What areas of Town are considered in the “shoreland zone?”
Land area located within:
- Two hundred fifty feet, horizontal distance, of the normal high water line of any river, saltwater body or the nontidal portion of Goosefare Brook downstream of the Boston and Maine Railroad bridge;
- Two hundred fifty feet, horizontal distance, of the upland edge of a coastal or freshwater wetland. Upland edge of a wetland means the boundary between upland and wetland. For purposes of a coastal wetland, this boundary is the line formed by the landward limits of the salt tolerant vegetation and/or the maximum spring tide level, including all areas affected by tidal action. For purposes of a freshwater wetland, the upland edge is formed where the soils are not saturated for a duration sufficient to support wetland vegetation; or where the soils support the growth of wetland vegetation, but such vegetation is dominated by woody stems that are six meters (approximately 20-foot) tall or taller.
- One hundred feet, horizontal distance, of the normal high water line of the nontidal portion of Goosefare Brook upstream of the Boston and Maine Railroad bridge; or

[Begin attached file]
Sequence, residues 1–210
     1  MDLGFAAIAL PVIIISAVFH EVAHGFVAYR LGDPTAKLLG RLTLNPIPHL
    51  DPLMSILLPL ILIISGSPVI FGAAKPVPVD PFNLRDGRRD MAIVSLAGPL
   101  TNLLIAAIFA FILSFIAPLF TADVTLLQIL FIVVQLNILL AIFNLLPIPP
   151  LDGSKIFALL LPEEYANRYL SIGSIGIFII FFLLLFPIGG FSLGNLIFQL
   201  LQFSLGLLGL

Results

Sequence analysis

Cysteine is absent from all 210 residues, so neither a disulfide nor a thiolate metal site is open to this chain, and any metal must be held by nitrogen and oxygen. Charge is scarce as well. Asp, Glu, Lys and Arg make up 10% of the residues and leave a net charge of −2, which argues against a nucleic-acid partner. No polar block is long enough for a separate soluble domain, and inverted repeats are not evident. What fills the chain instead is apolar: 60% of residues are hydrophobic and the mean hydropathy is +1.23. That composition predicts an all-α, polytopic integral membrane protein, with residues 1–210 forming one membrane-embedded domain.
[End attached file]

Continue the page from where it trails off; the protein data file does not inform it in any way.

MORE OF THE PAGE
- One hundred feet, horizontal distance, of the normal high water line of a stream;
- In addition, the shoreland zone extends seaward to the municipal boundary.
What does it mean if my property is located within 100 feet of the Highest Annual Tide (HAT)?
If you look at the shoreland zoning map attached below, you’ll see several areas in blue that say HAT 6.3. This is especially true for properties located in Ocean Park. So what does this mean if I want to expand or relocate a structure that’s located within the HAT?
If a project is within a Shoreland Zone and if it is within 100 feet of the HAT it is considered a nonconforming structure. Because of this, it requires Planning Board (PB) review as a Conditional Use and Shoreland Nonconforming Structure Expansion/Relocation. You might think this is odd because typically shoreland zoning applies when a property is within 250 feet of a waterbody. However, the Town took the State Shoreland Zoning rules a step further and applied their own rules to areas that fall within the Highest Annual Tide of 6.3 feet. This approach was part of the town’s efforts to prepare for sea level rise.
Because the structure is nonconforming, the existing floor area or volume cannot increase by more than 30%. Floor area is the square footage of all floors, porches, and decks. Volume is the space within a roof and fixed exterior walls. A new or replacement basement is not included in the 30% calculations if it does not extend past the exterior dimensions of the structure and does not raise the structure by more than three feet.
The PB will also look to see that the structure is relocated away from the “water” (HAT) to the greatest extent possible. Shoreland standards seek to make nonconforming structures as conforming as possible so one standard requires nonconforming structures to be moved as far away from the water as possible.
To obtain a copy of the required application materials and to prepare your proposal for the Planning Board, please email Planning Staff for assistance.
|Shoreland Zoning Map||5.16 MB|